Dodger Manager Tom Lasorda said he thought Gooden should have been warned after hitting Griffin.
Said Gooden: “I’m not trying to hit him in that situation. I had two strikes on Griffin, and I wanted to get him out.”
The loss went to Tim Belcher (3-2), who did not pitch poorly but certainly not good enough to overcome Gooden and the Mets. Belcher, coming off a complete-game victory last Sunday, gave up four runs and seven hits and hurt himself with two wild pitches in five innings Saturday night.
New York has scored 133 runs in Gooden’s 10 starts and only 127 in the other 20 games. So, Gooden obviously is used to having runs to work with.
Dodger hitters, however, have totaled only four runs in the last four games.
Not known for his hitting, of course, Gooden nonetheless gave the Mets a 2-0 lead in the second innning with a single to right field that scored Johnson and Mookie Wilson.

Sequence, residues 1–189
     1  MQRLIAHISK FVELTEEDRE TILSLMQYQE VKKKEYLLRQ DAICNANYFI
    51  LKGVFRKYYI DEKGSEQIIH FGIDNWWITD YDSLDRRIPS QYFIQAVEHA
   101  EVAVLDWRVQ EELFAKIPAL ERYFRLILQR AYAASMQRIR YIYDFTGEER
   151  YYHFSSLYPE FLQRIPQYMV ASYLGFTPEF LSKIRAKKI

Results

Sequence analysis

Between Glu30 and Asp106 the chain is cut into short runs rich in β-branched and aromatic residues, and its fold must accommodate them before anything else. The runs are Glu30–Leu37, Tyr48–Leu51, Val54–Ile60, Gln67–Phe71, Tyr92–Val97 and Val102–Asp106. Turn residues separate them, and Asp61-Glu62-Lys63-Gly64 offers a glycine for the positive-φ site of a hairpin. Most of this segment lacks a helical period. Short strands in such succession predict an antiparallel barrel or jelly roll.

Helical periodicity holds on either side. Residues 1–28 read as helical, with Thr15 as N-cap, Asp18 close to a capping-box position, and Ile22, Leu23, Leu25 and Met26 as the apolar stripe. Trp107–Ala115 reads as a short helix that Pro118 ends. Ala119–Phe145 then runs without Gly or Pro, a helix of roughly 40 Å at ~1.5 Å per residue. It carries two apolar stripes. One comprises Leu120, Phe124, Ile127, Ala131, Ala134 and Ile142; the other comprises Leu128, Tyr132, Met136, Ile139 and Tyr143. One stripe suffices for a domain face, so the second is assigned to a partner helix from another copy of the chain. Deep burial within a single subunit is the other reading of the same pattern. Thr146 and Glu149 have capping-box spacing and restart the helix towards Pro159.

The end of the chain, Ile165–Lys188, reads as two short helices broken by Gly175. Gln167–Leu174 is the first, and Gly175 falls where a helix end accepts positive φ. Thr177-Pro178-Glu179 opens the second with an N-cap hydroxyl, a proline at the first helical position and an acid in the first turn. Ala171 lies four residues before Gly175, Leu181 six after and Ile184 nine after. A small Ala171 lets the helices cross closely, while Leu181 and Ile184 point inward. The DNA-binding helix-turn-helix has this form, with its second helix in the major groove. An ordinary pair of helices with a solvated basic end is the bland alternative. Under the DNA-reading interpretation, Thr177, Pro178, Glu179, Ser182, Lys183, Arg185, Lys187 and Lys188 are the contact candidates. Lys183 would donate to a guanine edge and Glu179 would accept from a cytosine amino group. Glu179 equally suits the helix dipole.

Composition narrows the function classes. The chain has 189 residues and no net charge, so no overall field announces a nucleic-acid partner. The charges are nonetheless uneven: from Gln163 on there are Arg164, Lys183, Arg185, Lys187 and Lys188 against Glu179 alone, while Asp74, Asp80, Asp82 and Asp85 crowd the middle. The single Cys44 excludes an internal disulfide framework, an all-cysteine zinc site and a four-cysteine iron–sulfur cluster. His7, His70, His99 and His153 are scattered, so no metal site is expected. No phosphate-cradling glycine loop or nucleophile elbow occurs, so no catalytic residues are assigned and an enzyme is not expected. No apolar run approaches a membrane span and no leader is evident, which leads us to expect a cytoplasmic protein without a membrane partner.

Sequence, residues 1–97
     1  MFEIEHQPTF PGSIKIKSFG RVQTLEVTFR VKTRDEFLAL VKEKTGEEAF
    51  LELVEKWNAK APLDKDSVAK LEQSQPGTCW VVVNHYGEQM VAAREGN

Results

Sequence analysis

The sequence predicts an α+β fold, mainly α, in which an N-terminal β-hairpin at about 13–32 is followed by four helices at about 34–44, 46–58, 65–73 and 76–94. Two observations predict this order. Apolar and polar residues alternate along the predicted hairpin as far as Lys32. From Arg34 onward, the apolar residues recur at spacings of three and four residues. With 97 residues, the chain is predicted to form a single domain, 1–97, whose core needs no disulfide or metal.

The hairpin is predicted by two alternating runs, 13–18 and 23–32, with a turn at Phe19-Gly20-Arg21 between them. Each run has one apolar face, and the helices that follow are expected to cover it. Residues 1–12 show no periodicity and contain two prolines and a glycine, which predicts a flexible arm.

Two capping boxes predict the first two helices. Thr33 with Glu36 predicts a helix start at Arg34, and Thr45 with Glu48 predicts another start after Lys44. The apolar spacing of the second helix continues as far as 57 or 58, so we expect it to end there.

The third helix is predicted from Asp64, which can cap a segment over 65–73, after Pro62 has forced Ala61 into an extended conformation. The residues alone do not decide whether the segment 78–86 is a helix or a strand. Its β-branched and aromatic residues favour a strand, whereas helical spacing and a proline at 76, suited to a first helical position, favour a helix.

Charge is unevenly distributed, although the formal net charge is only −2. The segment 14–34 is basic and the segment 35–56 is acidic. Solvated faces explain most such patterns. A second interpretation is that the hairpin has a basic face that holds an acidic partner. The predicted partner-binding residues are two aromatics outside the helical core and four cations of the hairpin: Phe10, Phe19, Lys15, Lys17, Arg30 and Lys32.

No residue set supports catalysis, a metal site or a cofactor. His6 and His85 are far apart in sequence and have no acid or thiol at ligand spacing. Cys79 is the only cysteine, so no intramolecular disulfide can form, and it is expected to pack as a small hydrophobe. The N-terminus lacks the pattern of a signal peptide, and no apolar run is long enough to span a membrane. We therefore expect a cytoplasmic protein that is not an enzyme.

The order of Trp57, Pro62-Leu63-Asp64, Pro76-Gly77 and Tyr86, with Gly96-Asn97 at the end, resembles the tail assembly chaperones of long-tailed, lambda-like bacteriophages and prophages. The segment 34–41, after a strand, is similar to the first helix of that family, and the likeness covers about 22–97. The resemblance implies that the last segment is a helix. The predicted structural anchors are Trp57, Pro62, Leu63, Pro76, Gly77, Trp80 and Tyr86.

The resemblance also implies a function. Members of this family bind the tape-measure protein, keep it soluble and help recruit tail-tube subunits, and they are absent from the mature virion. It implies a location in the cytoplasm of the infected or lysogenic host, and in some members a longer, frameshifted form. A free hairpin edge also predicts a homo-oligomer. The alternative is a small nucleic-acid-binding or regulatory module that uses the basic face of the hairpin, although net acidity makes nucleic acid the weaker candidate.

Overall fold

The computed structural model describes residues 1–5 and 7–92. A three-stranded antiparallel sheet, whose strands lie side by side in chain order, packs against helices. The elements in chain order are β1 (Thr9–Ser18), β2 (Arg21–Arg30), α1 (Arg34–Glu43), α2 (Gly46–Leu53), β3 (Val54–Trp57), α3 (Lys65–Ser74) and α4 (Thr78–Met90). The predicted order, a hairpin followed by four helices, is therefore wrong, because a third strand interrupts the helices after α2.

Gooden, whose six runs batted in this season are only two behind the Dodgers’ Mike Davis, hit a Belcher fastball in the center of the plate. It was the last of several pitching mistakes that inning. He gave up a one-out single to Johnson, then Wilson slashed a double to left.
Logic dictated that with first base open, the Dodgers would walk Dave Magadan to pitch to Gooden. Which they did. But Gooden lined Belcher’s first pitch to right field.
The Mets didn’t threaten again until the fourth. With two out and Wilson on first after a fielder’s choice, Met Manager Davey Johnson put Mookie on the move. Wilson stole second and eventually went to third on Belcher’s wild pitch. But Belcher struck out Magadan for the third out.